Startribune.com digital sports editor Howard Sinker used to cover the Twins and now shares season tickets with friends in Section 219 of Target Field. He blogs about baseball from the perspective of a long-time fan who loves the game, doesn’t always believe the hype and likes hearing what others think. Howard sometimes talks about sports with Cathy Wurzer on MPR's Morning Edition.
I was as grumpy as the next person watching the Twins at Target Field on Opening Day. The Twins went down that late afternoon in such humble fashion that I concluded there was a good reason why the Twins were distracting us with so many tales of their new food offerings -- and other thoughts that were less civil.
I played around with words, but held back on sharing any of them because everything -- from hooting at Joe Mauer's early performance to the lack of defense to my frustration over the Twins bullpen seemed either a bit premature or well-written about elsewhere. I try to live by a "when you don't have anything to add, add nothing" blog stance. (I try, but don't always succeed.)
There are still a bundle of concerns even though the Twins finally won on Tuesday.
You have been warned that the Twins have traded defense for offense this season, and that was manifest Wednesday.
Poor defense contributed to four of the Angels' runs, whether it was Josh Willingham slamming into the wall while trying to catch the fly ball that turned into an inside-the-park home run, or Jamey Carroll being unable to handle the skipping throw from Denard Span on Torii Hunter's seventh-inning double, not to be confused with the slow start Span got on Hunter's ninth-inning ground ball double.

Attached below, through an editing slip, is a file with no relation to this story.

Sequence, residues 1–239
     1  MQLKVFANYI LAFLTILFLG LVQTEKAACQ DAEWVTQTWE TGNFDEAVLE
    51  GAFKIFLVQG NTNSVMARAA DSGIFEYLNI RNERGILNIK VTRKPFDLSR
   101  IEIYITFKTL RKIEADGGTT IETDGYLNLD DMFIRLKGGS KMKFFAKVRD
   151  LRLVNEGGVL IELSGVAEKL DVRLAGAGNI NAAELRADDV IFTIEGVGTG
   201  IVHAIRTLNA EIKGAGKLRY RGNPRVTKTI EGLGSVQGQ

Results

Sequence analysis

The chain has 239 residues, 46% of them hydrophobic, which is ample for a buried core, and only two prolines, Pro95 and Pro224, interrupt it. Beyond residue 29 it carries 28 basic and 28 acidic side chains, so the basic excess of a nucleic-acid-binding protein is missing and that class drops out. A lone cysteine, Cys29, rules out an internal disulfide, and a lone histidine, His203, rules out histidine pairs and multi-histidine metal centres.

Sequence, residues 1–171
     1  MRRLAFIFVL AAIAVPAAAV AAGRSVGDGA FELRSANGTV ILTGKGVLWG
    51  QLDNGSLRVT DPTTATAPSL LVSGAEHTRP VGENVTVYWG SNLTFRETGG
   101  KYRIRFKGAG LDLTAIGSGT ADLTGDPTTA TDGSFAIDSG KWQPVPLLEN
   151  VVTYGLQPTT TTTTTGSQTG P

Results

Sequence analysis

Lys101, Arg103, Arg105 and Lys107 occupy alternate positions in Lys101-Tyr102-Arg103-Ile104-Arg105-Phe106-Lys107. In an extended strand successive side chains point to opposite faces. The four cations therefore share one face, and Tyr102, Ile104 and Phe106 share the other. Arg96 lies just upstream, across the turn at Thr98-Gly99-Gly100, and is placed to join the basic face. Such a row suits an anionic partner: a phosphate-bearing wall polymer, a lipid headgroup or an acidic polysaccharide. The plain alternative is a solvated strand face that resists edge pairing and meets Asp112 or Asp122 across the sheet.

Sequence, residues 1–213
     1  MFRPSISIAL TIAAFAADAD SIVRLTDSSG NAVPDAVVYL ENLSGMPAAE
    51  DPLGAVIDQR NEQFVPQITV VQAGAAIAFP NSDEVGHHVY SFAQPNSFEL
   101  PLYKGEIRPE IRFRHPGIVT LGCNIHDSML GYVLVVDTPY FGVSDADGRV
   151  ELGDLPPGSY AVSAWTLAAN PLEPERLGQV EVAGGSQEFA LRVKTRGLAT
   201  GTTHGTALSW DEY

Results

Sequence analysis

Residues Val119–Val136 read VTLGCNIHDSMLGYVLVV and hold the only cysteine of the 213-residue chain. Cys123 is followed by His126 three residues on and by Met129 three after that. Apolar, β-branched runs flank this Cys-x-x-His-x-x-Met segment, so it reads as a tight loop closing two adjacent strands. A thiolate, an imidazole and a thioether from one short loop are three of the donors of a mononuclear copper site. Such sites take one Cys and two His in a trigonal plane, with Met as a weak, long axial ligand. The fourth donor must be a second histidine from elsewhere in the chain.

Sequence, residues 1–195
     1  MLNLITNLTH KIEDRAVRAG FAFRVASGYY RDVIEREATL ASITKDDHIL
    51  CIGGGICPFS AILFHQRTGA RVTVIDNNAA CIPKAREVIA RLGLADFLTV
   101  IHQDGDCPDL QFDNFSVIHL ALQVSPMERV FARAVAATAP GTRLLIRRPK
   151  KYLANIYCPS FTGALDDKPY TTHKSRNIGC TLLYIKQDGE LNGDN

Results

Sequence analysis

Also, Carl Pavano made a poor throw on a grounder that could have started a fourth-inning double play, when the Angels scored their first run. That would have been close either way, but it was still a play that wasn't made nearly as well as it should have been.
There was also concern in the ninth inning when Gardy didn't pull either Willingham in left or Ryan Doumit in right for Ben Revere as a defensive replacement. Gardy told La Velle that he didn't want to take Willingham out and he was concerned about pulling Doumit in case something happened to Mauer.
It seemed like a pick-your-poison situation: Go with the guys who might not get to the ball or the guy who will have trouble making a good throw if he does get to it.
And good on Gardy for going with Parmelee during the winning rally. If Parmelee isn't good enough to bat against a pretty good -- but not great -- lefty reliever, then he's not good enough to be in the majors.
Day baseball today. Find an excuse to pay attention.
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